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Is it possible to have more than one unbiased estimator for a single unknown parameter?If "Yes" then how and if "No" then why?

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    $\begingroup$ Add an unbiased estimator of zero to a first unbiased estimator and you will get another unbiased estimator. Hence the lack of unicity of unbiased estimators. $\endgroup$
    – Xi'an
    Commented Mar 26, 2015 at 14:04
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    $\begingroup$ The question at stats.stackexchange.com/questions/32430 answers this one in the affirmative. $\endgroup$
    – whuber
    Commented Mar 26, 2015 at 14:54
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    $\begingroup$ Somewhat more concretely: Consider a random sample $X_1,\ldots,X_n$ such that each $X_i \sim \mathcal N(\mu,1)$. What is the expected value of the estimator $\hat \mu_1 = X_1$? What about the alternative estimator $\hat \mu_2 = X_2$? Can you construct any other estimators of $\mu$ from the sample? How many can you find? What if the sample were instead of $\mathcal N(0,\sigma^2)$ random variables and you wanted an unbiased estimator of $\sigma^2$? $\endgroup$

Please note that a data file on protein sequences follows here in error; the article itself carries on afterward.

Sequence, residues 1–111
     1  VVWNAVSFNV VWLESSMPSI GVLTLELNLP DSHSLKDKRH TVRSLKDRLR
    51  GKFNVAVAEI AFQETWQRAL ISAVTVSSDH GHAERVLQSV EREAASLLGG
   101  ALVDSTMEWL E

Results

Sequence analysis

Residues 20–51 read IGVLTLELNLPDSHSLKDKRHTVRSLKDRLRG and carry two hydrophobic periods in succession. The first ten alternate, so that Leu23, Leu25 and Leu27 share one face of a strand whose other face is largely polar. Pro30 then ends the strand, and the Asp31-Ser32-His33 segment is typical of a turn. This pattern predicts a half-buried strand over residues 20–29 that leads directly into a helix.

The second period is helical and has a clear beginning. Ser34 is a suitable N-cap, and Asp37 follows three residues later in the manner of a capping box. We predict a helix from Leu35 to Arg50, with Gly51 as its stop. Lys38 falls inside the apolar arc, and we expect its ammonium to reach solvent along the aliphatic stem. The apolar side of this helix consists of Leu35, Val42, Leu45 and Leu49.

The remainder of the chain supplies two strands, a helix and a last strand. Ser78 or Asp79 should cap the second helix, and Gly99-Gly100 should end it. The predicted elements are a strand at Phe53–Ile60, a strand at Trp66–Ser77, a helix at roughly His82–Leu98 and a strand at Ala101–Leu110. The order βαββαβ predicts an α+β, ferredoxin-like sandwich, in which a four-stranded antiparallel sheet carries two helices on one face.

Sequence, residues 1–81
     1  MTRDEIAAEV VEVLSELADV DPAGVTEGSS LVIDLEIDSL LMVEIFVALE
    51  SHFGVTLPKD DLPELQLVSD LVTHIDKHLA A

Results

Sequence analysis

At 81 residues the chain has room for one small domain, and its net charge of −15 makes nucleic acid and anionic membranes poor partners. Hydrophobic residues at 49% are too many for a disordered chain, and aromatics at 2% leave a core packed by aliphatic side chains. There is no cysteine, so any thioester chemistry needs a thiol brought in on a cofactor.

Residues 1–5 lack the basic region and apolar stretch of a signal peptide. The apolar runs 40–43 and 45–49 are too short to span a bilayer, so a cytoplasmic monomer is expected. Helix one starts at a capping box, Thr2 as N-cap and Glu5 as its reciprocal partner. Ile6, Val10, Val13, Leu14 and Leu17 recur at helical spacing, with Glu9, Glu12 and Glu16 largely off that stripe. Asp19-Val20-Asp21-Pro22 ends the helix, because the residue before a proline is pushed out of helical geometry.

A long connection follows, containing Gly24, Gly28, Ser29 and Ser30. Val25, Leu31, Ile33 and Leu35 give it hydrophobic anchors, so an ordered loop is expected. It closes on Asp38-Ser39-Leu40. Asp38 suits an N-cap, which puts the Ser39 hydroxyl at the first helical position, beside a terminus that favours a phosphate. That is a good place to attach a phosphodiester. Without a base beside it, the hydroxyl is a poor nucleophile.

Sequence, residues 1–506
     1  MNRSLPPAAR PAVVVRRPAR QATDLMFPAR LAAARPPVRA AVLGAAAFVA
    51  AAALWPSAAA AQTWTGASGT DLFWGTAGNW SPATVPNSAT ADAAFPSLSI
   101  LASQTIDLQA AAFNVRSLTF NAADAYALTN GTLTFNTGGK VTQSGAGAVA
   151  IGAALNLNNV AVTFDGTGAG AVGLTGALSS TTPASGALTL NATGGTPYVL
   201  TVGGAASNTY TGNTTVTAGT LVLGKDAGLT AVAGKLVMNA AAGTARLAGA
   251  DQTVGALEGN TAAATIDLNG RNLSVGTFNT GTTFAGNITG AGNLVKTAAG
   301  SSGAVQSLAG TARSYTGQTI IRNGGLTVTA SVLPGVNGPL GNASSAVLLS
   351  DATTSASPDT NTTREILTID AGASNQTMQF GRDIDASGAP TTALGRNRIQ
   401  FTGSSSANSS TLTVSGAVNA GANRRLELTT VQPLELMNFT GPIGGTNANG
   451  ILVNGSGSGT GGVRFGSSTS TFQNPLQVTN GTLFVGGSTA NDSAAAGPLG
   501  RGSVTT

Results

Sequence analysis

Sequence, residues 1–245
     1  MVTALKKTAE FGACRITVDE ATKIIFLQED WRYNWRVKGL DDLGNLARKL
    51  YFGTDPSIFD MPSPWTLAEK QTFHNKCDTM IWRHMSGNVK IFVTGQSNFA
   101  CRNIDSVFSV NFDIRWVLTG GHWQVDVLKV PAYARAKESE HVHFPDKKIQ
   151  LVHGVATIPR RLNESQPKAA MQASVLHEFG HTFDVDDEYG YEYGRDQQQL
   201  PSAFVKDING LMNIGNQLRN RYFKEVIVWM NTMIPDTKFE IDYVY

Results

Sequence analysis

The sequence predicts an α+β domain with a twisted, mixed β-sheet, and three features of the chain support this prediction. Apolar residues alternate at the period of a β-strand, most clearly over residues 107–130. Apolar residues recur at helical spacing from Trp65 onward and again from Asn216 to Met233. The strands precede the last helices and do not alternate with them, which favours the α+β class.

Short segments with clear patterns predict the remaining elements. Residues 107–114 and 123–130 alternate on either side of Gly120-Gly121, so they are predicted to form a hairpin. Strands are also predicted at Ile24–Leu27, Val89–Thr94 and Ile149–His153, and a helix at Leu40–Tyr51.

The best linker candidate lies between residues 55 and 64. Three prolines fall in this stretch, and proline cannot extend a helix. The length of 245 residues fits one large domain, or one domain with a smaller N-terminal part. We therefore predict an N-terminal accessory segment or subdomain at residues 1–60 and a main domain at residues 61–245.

– cardinal
    Commented Mar 26, 2015 at 16:34

2 Answers 2

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As an example, from a i.i.d. sample of (finite) size $n$, where the common mean is $\mu \neq 0$ we can have an infinite (and not even countably) number of unbiased estimators of the form

$$\hat \mu(a) = aX_i + (1-a)X_{j}, \;i\neq j, \;a \in \mathbb R$$

The number of estimators is uncountably infinite because $\mathbb R$ has the cardinality of the continuum.

And that's just one way to obtain so many unbiased estimators.

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  • $\begingroup$ Nice and simple example. Furthermore, we might remind CRLB with many unbiased estimators. $\endgroup$
    – kurtkim
    Commented Feb 24, 2023 at 9:22
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To use an even simpler example, take an i.i.d. sample of size $n$ with mean $\mu$. Take the value of the first observation $X_1$ as an estimator for the mean. We have: $$ \mathbb{E} X_1 = \mu $$ So the estimator is unbiased.

Now take the second observation $X_2$ as an estimator: $$ \mathbb{E} X_2 = \mu $$ So this estimator is unbiased as well. You can check that unbiasedness for the mean holds for all convex combinations between observations.

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